September 21, 2020

Digicel: Continuing tradition of direct participation in emergency response

Case Study By

Mr. Denis O’Brien

Chairman, Digicel Group

Many of the countries in the Caribbean, Central America and the South Pacific regions, where Digicel operates, experience more than their fair share of natural disasters. It is an unfortunate fact of life.  

As a result many of these countries have, however, built up considerable experience and expertise in preparing for, and dealing, with events such as hurricanes, earthquakes and tsunamis as well as dealing with the spread of infectious diseases such as the Zika and Chikungunya viruses or outbreaks of dengue or fellow fever.  

In serving these regions Digicel has also developed experience and built a track record of providing immediate assistance and support for Governments and providing sustainable aid, support and care for  the citizens of the countries where we operate in response to events such as the 2009 tsunami in Samoa,  the earthquake and cholera outbreak in Haiti in 2010 and the aftermath of Hurricanes Irma and Maria in  the Caribbean in 2017.  

Through these very difficult experiences the countries of these regions have developed levels of  preparedness and emergency plans that have served them well in the Covid-19 pandemic of 2020. Even with this previous experience to build upon the human toll of the Covid-19 pandemic has prompted Governments to take rapid and previously unthinkable measures to restrict its spread. These have included total closure of international borders, including for returning citizens, strictly enforced curfews lasting up to a week, work from home orders and school closures.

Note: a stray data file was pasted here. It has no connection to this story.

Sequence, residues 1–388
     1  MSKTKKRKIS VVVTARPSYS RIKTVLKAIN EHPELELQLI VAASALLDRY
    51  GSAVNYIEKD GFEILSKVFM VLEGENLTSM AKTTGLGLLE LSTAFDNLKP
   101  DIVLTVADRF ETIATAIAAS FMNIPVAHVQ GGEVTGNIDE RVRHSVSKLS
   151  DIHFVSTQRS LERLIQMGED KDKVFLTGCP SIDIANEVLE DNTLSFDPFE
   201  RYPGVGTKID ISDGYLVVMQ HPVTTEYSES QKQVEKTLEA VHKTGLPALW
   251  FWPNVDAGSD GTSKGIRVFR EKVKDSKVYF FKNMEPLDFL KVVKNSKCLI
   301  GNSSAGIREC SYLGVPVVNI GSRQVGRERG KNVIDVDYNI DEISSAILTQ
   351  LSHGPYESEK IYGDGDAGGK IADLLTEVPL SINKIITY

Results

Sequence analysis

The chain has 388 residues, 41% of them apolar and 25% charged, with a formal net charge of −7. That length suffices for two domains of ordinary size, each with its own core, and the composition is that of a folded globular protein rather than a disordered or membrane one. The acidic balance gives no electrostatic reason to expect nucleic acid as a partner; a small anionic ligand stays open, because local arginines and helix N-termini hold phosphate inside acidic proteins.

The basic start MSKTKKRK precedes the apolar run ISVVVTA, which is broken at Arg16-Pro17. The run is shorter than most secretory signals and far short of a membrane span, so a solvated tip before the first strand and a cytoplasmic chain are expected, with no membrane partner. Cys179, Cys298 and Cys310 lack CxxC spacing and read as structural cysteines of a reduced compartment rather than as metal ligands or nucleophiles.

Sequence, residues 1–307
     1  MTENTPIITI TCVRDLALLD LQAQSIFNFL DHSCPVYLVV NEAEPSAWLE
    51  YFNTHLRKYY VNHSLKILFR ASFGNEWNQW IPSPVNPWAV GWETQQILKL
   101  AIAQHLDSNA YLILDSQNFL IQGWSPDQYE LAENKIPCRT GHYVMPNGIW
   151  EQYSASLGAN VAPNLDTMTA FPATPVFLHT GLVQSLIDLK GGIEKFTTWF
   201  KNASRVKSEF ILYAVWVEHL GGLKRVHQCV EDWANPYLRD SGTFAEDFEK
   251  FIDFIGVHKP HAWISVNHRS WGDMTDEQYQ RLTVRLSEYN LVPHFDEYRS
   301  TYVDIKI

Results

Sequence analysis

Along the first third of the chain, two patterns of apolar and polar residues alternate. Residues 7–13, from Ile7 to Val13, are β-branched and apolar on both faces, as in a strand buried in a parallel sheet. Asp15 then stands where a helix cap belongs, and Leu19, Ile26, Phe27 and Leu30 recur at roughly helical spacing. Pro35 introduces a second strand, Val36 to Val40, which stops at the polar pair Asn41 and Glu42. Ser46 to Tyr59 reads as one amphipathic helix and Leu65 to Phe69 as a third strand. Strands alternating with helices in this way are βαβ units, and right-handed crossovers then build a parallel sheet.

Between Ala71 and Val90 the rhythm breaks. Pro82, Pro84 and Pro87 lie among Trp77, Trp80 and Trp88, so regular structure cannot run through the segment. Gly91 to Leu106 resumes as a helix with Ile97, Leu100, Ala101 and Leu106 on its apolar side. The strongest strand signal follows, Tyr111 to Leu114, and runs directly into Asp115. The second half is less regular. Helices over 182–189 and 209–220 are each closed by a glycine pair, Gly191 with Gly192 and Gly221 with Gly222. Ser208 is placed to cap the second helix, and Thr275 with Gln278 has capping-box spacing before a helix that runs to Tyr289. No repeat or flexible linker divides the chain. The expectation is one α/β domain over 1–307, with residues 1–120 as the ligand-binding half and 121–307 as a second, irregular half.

Digicel continued our tradition of direct participation in wider efforts to help with emergency responses.  

As a major employer in many of the countries where Digicel operates it was important that we were seen  to lead by example; by facilitating staff to work from home, including providing new devices to staff and upgrading systems where required to enable them to do so, and ensuring that best efforts safety  measures were introduced at our workplaces with temperature checks on entry, mandatory hand sanitizer use, wearing of masks, and social distancing.